This was one of my favorite discoveries in culinary arts was my love for butter. A building block of French cuisine. It makes thinks taste so good, but it’s boring on its own. I love making compound butters. A compound butter is just a butter that’s had things like herbs, vegetables and spices added to it. 
        Making a compound butter is simple. You simply soften the butter and add things too it. When I make my compound butter I lay my mixture on parchment paper and roll it into a log. Then I freeze it for longevity purposes. Also remember to be careful with any spices or salt you put in your butter. If your dish is properly seasoned then this may make it salty. 
         Think about what you’re going to put your butter on. For fish I love to add lemon juice, chives and roasted fennel. All pretty neural, but beneficial flavors for most red and white fish. Now for shellfish like prawns you might want something more robust. Try espolette, lime juice and cilantro for a Spanish dish. Garlic, lemon juice and thyme for steamed mussels and clams.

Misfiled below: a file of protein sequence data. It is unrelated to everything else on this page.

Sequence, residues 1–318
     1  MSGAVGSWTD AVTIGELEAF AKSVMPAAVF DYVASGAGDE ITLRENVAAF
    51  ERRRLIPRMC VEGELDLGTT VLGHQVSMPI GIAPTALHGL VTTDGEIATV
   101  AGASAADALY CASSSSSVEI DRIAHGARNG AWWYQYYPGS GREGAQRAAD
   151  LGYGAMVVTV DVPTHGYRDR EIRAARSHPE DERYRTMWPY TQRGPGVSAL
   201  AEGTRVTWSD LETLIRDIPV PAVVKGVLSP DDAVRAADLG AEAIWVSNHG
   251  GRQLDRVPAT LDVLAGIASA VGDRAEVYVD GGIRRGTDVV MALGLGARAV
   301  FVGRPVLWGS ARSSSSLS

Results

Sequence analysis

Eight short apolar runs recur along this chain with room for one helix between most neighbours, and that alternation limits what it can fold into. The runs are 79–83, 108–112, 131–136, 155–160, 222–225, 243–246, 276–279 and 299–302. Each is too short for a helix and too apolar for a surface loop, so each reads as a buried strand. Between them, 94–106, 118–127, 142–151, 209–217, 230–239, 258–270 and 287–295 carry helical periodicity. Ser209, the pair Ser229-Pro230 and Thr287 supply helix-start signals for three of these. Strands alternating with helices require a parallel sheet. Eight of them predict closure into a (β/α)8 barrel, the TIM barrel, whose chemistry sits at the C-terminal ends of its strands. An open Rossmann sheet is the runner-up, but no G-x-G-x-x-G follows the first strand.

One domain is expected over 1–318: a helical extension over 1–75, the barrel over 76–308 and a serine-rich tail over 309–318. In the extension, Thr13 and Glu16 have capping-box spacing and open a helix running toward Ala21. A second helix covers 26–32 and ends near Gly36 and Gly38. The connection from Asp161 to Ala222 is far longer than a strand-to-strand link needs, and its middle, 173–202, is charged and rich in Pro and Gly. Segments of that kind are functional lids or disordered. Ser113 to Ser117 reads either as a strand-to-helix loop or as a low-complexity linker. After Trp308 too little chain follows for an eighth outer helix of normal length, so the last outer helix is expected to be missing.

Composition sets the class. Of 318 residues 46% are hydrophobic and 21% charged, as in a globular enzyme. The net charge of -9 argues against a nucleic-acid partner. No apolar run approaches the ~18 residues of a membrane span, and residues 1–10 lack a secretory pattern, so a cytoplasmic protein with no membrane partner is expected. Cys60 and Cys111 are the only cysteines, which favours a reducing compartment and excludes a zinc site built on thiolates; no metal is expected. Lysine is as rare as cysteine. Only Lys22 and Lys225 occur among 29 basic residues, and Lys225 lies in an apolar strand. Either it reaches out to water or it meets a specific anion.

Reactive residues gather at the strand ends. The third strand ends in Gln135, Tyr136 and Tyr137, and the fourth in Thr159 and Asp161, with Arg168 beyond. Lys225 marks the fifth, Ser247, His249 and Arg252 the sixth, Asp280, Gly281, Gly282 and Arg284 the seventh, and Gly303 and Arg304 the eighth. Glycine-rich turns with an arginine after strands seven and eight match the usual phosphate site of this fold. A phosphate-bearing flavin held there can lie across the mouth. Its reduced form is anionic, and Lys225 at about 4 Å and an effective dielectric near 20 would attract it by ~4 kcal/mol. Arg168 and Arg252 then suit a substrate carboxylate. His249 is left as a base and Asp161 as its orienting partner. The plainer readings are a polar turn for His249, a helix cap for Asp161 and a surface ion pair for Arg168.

For something like a steak try maybe garlic, thyme and rosemary. You can even baste your steak in the butter after or simply rub it on top when it’s cooked. Rightc after your meat domes out is when I put my butter on. Let the meat absorb as much of those flavors as possible. With shellfish I usually cook it in the butter with some white wine.
     Compound butter gives your food a flavor boost as well as a nice sheen. Sometimes when you cook something like fish or chicken, it’ll look a little dry when in fact it’s not. The compound butter will prevent that. It’ll look moist and interesting. Remember butter is not a bad thing. In moderation it’s a great flavor enhancer like salt.